One lesson to be taken from what has taken place is to view democratization and reform processes in Pakistan with a large grain of salt. A number of Pakistan officials have been in the US in recent months uttering reassuring phrases about the country's determination to move toward a more liberalized, open, democratic society dedicated to overcoming the country's manifold problems. These optimistic pronouncements still belong primarily in the domain of wishful thinking. Pakistan's political institutions are still not ready to handle the heavy burdens and responsibilities of democratic politics. Its military institution is still not prepared to place itself unambiguously under the control of civilian authority, as is India's. Its landed/mercantile/technocratic elites are still not prepared to sacrifice the privileges including virtual carte blanche to engage in corruption) they enjoy in the name of the greater good for all the people of Pakistan. And finally, the American foreign policy establishment is still unprepared to face the preceding facts of life about Pakistan and stop clinging to their old, worn out Cold War fantasies about having a "strategic relationship" which, in effect, sustains over there the very status quo which has been the source of Pakistan's political, economic and military woes since it attained Independence in 1947.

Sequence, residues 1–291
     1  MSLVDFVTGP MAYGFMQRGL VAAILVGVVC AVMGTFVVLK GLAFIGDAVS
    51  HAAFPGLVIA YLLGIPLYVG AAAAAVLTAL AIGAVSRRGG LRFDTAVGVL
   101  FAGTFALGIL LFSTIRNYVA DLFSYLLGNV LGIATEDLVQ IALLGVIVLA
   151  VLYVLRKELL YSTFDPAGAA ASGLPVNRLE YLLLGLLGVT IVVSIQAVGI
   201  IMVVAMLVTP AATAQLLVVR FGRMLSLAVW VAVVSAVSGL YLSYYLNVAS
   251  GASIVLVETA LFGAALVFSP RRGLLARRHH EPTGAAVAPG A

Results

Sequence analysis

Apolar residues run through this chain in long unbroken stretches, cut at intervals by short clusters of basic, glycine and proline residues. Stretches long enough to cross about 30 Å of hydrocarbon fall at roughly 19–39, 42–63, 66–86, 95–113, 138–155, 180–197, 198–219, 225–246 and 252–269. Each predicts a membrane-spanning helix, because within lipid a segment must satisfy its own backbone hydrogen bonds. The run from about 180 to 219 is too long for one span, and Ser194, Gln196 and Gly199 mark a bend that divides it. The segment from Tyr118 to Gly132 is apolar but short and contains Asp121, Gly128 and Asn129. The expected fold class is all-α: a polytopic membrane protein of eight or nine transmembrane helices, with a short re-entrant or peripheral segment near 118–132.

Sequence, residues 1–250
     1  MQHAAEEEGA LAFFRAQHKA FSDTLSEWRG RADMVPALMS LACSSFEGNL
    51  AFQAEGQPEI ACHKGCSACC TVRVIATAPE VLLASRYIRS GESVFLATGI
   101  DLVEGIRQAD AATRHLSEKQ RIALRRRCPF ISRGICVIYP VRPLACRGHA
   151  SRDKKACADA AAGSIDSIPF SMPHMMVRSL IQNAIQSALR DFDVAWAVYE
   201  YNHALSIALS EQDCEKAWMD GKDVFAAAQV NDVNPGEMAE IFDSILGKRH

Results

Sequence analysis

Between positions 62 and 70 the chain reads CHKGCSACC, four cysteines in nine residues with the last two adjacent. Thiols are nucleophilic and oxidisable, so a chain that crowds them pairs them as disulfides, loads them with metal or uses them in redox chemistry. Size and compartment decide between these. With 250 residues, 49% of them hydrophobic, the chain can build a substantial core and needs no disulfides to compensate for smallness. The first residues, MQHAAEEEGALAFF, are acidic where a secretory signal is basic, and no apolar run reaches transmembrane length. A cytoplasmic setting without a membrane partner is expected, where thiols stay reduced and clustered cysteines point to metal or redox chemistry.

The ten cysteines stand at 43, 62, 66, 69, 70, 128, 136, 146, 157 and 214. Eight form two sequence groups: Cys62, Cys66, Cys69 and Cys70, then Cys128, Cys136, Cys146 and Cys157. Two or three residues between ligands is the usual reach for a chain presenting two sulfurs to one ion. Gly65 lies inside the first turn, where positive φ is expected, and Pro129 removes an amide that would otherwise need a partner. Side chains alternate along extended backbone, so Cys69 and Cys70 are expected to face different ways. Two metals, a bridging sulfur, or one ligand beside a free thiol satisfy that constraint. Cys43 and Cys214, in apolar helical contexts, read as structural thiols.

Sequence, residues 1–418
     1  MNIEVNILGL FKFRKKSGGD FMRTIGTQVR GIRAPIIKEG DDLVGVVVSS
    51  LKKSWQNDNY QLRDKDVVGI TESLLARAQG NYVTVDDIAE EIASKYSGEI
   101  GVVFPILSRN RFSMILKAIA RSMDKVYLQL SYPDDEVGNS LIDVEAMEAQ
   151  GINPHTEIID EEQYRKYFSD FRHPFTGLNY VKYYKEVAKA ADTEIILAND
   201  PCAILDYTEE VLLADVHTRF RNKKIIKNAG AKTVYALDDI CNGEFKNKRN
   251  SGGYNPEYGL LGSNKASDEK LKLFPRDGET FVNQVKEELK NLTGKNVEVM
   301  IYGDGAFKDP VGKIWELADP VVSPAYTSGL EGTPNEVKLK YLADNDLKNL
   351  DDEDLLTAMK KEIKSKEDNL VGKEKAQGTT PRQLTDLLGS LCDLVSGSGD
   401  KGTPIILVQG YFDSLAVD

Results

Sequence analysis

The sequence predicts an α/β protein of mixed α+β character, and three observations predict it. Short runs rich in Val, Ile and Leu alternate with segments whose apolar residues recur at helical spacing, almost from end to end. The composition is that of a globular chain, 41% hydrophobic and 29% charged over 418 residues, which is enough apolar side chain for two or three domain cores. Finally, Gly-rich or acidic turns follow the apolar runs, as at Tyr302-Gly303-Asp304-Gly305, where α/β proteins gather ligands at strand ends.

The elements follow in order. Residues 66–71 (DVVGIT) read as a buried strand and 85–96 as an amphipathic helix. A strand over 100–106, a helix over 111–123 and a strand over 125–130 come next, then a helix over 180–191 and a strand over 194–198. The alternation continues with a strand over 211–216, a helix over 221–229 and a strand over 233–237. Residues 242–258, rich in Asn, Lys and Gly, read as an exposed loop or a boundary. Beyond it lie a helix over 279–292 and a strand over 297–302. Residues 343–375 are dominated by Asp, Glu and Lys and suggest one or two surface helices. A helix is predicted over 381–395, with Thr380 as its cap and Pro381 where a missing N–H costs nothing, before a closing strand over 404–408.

-----[End of Professor Gould's Comment]-------

Chuck Spinney